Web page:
World Champs, Day One-Highlights!

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Day one of the World Championships was one great day of track and field. Here I give you the highlights of the three finals for the day. We will follow up with the details on the second session and tell you about my dinner with a Swedish TV crew!

Full results: http://osaka2007.iaaf.org/results/bydate.html#racedate=08-25-2007

For further reading on the WC Marathon, try: For reference, WC History:http://www.flipseekllc.com/ATFguide.html


Day 1

Highlights:

Saturday, August 25, 2007

Marathon Men

Making the gamble of taking an early lead in oppresive conditions, Luke Kibet took the lead in the 11th World Championships in Athletics Men's marathon at 25 kilometers. Building a lead from eight seconds to one minute,nineteen seconds, Kibet, the 2007 winner of the Vienna Marathon, took the gold medal in 2 hours, 15 minutes and 59 seconds. In second was Mubarek Hassam Shami of Qatar, the 2005 winner of the Vienna Marathon, who joined Kibet in the breakaway at 25 kilometers, running 2:17;25 for the silver medal. In third, after the a most competitive battle for the bronze, which involved eight runners at one time and saw the medal shift places at least five times over the last three kilometers, was Viktor Rutlin of Switzerland, the 2006 silver medalist at the European marathon championships. Rutlin told the media afterwards, that just like the European championships, Rutlin had a dream before the race, that he would win the bronze i Osaka! The marathon was notable for two other reasons today: it was the first time in 20 years that a Kenyan had won the World Champs title-the last being Douglas Wakihiru in 1987 in Rome, and also for the hottest finish temperatures of a World Championship marathon. The temperatures reached nearly 90 degrees with a dewpoint of 70 percent. One third of the 94 starters dropped out. To put the weather in perspective, if the dewpoint had reached 70 in Chicago, there would have been a health alert called!

In the team competition, the 12th World Cup Marathon was won by Japan with a time of 6;54.23, Korea second, Kenya third and the U.S. in fourth place.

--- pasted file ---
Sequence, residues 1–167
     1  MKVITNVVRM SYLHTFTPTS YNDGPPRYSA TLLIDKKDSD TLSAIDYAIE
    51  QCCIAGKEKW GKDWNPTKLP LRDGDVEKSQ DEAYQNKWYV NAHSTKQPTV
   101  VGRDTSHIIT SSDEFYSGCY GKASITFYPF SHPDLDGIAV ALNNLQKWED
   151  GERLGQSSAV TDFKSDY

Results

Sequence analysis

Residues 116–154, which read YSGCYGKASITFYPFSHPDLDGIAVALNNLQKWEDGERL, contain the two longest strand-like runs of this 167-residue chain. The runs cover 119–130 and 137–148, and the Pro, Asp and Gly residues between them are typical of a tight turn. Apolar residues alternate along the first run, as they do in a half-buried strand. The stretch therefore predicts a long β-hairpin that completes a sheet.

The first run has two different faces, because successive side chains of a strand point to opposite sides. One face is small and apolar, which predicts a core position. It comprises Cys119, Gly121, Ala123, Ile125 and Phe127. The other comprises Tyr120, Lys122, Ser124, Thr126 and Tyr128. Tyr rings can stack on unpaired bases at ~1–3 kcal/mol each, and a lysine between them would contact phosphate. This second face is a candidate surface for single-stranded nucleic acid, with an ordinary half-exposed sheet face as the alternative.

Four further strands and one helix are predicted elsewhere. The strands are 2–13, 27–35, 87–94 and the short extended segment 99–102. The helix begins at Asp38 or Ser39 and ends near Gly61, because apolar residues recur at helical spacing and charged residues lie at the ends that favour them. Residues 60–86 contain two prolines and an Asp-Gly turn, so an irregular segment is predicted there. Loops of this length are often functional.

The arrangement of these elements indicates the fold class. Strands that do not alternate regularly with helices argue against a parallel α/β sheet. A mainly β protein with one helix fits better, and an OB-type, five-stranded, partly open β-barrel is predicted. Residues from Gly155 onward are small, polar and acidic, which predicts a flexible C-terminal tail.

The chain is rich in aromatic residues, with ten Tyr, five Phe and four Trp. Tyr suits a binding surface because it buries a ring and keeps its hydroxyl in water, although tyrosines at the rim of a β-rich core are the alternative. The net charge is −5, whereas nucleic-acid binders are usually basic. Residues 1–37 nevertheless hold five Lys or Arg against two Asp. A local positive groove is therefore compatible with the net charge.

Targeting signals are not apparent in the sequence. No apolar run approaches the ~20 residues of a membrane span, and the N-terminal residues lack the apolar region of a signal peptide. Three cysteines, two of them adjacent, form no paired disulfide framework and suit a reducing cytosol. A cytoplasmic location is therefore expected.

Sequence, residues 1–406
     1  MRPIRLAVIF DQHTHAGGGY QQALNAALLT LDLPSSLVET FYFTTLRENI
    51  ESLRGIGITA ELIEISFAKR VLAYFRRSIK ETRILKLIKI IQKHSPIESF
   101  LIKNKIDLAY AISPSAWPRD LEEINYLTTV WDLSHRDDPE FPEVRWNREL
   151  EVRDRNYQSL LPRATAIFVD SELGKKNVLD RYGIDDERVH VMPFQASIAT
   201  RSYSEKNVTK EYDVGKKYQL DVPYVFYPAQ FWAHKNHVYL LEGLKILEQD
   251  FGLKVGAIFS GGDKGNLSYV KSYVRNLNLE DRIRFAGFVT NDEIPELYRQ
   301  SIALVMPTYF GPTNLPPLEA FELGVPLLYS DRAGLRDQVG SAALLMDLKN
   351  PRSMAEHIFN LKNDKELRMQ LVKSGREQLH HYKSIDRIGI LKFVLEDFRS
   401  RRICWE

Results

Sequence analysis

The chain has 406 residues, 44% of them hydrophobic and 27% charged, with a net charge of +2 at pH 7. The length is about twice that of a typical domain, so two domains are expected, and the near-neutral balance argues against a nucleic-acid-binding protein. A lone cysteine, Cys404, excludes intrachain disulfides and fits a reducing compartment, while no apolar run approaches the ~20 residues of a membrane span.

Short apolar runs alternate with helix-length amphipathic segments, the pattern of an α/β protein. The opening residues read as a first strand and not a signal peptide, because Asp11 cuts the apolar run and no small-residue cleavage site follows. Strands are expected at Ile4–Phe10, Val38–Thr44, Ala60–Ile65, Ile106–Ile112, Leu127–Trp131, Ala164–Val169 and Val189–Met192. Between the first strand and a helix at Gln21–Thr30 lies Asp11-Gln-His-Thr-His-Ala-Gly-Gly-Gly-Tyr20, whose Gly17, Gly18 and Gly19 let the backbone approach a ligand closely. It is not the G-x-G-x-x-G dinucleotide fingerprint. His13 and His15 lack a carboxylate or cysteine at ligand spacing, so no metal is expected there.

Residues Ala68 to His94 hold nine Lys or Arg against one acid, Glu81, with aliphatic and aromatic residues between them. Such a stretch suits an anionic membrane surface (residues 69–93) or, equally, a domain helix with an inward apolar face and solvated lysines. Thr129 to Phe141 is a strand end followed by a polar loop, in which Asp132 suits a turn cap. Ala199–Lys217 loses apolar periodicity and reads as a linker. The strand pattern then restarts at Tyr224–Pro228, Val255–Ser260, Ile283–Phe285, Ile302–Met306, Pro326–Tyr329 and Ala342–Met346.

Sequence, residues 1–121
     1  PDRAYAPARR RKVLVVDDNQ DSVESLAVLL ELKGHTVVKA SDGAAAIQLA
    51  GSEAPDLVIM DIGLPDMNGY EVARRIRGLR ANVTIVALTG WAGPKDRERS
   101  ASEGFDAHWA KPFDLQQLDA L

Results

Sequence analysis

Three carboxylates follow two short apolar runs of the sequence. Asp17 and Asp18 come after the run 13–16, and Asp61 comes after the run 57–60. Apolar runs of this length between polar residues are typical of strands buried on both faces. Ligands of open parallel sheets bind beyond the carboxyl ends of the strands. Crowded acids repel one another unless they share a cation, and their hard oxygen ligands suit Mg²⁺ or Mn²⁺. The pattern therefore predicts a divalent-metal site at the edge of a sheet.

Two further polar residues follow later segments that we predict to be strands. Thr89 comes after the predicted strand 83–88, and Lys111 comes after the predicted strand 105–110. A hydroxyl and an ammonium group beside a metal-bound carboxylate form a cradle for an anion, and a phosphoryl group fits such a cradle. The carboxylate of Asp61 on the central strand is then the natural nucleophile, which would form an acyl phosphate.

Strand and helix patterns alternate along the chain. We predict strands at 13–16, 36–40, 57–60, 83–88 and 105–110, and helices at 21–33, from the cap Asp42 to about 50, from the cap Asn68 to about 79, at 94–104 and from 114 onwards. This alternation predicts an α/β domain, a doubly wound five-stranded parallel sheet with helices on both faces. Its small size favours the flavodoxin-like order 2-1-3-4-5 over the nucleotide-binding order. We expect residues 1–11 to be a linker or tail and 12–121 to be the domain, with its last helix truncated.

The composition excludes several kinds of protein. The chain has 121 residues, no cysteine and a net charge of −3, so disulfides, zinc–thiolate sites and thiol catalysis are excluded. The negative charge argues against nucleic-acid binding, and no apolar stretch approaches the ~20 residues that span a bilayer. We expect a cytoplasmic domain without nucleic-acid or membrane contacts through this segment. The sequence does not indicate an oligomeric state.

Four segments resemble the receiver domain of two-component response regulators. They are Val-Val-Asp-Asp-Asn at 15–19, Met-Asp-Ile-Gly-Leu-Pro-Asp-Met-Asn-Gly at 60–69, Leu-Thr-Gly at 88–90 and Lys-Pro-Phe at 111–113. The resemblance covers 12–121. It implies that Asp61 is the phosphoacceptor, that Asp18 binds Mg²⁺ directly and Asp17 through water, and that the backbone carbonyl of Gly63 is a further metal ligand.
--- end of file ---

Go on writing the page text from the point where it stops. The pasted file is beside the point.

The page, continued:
Men's Shot Put Final

With the precision of a surgeon, Reese Hoffa decimated the field of world class shot putters, with a series of throws that had five fair throws, four of which could have won the competition. Hoffa's series, 21.81m, 21.64, 22.04m, a foul, then 21.92m and a final 21.58 m showed an athlete who had timed his best performances of the year with perfection. Hoffa took the gold. Hoffa's best throw of 22.04 equates to a 72-2.5 throw.

Adam Nelson, who threw 21.47 m for his first throw, 21.61 for his second, and then fouled four staight times, took the silver. The 21.61m was a seasonal best for Nelson. In 2005, Nelson had been the gold medalist. He was the only shot medalist form 2005 to gain a medal in this competition. Andrei Mikhenevich of Belarus trhew a seasonal best of 21.27 m to take the bronze. Nelson's throw of 21.61m equates to a 70-10.25 and Mkehenovich equates to a 69-10.5.

Women's 10,000 meters Final

In a race reminiscent of the 1972 Olympic 10,000 meters , where Lasse Viren fell down, recovered and won the gold medal, Tirunesh Dibaba, winner of the 2004 Olympic 10,000, the 2005 World 10,000 defended her title even with a bout of stomach distress that put her, at its worst, 50-80 meters off the back of the field. Running a very conservative race, the front pace hit the 5,000 meters in 16:29.58, by which time Tirunsesh Dibaba had fallen off the pace, clutching her stomach. She was somehow involved in the fall with her teammate Tufa, who retired from the race, after placing her shoe back on her foot. It took Dibaba about one kilometer to return to the lead. The pace was so pedestrian that Dibaba caught back up around 20 minutes and moved through the pack, moving behind Elvan Abeylegesse of Turkey, who took the lead at 7 kilometers and lead through 9.6 k. Dibaba then went from standing nearly still to a final lap of 60 seconds, to defend her gold in 31:55, with Abeylegesse in second in 31:59.4.

Then the race got interesting. In a pack of Kim Smith of New Zealand, Joanne Pavey of Great Britian and Keri Goucher of the U.S., the third place changed several times., with Deena Kastor not far behind. Over the last lap, Keri Goucher made a move with 300 meters to go and continued to build daylight between Goucher and Pavey, with Smith behind Pavey. Keri Goucher went on to take the bronze, and made history as the first American to ever win a medal at 10,000 meters for women. Her third place, in 32:02 bettered the best finish by an American women at 10,000 meters, which was the fifth place by Lynn Jennings in 1993. Kim Joanne Pavey of Great Britian was fourth, Kim Smith of New Zealand was fifth and Deena Kastor of the U.S. was sixth.

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